Please note: Inclusion of an item in this e-newsletter does NOT imply endorsement or support of such item by the United States Breastfeeding Committee, unless specifically noted.
Affordable Care Act (ACA) Webinar, from HHS
Join the U.S. Department of Health and Human Services, Center for Faith-Based and Neighborhood Partnerships on Thursday, January 30 at 3 p.m. ET for the "Questions and Answers on the ACA" webinar. Part of the HHS Partnership Center webinar series, HHS staff will answer questions that have been submitted in advance as well as new questions asked during the webinar. Submit questions by emailing ACA101@hhs.gov.
Breastfeeding and ACA Issue Brief, from AMCHP
The Association of Maternal & Child Health Program's National Center for Health Reform Implementation has published a new issue brief entitled State Opportunities and Strategies for Breastfeeding Promotion through the Affordable Care Act. In particular, the brief examines state partnerships, financing of breastfeeding support and counseling services, promoting worksite accommodations, utilizing the Maternal, Infant and Early Childhood Home Visiting Program (MIECHV) to improve referral and tracking, and leveraging other funding opportunities. It also highlights some of the best practices of state Title V MCH programs and their partners and offers strategies for states interested in developing similar efforts.
USBC Member Organization Leaders Featured in Women's eNews
The profiles of Kimarie Bugg, founder and president of Reaching our Sisters Everywhere (ROSE) and a USBC Board member, and Kristin Rowe-Finkbeiner, co-founder and executive director of MomsRising, were featured as part of the Women's eNews "21 Leaders for the 21st Century 2014." The 21 leaders are recognized for their dedication to improving the lives of women and girls.
Response to AAP Partnership with Formula Manufacturer, from IBLCE
News from the Field
Women's & Children's Health Global Investment Framework
A new study report published in The Lancet, entitled "Advancing social and economic development by investing in women's and children's health: a new global investment framework," demonstrates how investment in women's and children's health will secure high health, social, and economic returns. Coordinated by the World Health Organization, the Partnership for Maternal Newborn & Child Health and the University of Washington, the framework estimates that increasing health expenditure by just $5 per person per year up to 2035, in 74 high-burden countries, could yield up to nine times that value in economic and social benefits. These returns include greater gross domestic product (GDP) growth through improved productivity, and prevention of the needless deaths of 147 million children, 32 million stillbirths, and 5 million women. These gains could be achieved by an additional investment of $30 billion per year, equivalent to a 2% increase above current spending. Read the press release.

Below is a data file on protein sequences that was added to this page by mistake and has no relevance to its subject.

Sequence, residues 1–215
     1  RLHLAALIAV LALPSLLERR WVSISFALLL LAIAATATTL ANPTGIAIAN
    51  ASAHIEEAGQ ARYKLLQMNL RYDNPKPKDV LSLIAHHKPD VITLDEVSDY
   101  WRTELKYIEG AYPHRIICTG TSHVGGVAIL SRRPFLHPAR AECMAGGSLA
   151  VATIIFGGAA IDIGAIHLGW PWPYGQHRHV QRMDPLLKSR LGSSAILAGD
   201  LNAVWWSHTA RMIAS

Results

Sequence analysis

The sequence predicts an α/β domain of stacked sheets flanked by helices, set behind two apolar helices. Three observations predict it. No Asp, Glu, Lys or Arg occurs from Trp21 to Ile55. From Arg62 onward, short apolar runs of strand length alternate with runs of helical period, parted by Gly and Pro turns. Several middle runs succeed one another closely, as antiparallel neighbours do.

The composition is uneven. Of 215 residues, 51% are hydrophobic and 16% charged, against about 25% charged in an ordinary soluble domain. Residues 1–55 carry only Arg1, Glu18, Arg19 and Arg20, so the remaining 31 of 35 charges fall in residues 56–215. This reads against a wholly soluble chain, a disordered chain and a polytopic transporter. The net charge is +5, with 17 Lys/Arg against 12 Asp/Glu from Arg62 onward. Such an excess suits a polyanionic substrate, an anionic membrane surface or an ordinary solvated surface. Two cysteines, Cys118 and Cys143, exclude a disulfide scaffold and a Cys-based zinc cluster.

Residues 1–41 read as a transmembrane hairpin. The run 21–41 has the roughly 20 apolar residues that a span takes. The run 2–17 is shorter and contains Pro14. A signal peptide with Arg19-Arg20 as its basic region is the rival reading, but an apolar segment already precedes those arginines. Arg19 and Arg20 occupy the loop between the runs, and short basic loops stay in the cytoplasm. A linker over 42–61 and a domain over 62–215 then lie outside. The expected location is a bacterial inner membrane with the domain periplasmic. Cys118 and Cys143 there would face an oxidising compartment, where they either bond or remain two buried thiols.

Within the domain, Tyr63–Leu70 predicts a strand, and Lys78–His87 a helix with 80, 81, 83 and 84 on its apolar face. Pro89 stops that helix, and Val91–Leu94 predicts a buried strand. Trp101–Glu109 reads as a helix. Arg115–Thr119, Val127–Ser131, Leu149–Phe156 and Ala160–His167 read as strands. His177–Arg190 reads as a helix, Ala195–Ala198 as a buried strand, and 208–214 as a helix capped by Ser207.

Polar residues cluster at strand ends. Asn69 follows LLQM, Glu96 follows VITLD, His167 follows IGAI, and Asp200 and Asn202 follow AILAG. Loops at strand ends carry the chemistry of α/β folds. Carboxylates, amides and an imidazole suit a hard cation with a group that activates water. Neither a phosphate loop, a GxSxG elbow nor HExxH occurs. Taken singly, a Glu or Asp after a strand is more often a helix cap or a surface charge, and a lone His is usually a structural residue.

Initiative to Reduce Early Elective Deliveries, from TN
One hundred percent of the hospitals that deliver babies in Tennessee have agreed that "a healthy baby is worth the wait," signing pledges to implement hard stop policies to reduce early elective deliveries. The Tennessee Department of Health has partnered with the Tennessee Hospital Association, the Tennessee Initiative for Perinatal Quality Care, and the March of Dimes to reduce early elective deliveries via the "Healthy Tennessee Babies are Worth the Wait" initiative. The campaign targets expectant and prospective parents, health care providers, and health care facilities to educate them about the benefits of waiting until at least 39 weeks for delivery. Read the press release.
MomsRising blog: "One of 2013's best kept secrets is breastfeeding"
Women's eNews: "Dreaming of Paid Leave? It Could Come True"
Hollywood Life: "Beyonce Reveals She Breastfed Blue Ivy In The Recording Studio"
The Washington Post: "Breast-feeding is on the rise, but in church it's still an issue"
The New York Times: "Social Media as a Megaphone to Pressure the Food Industry"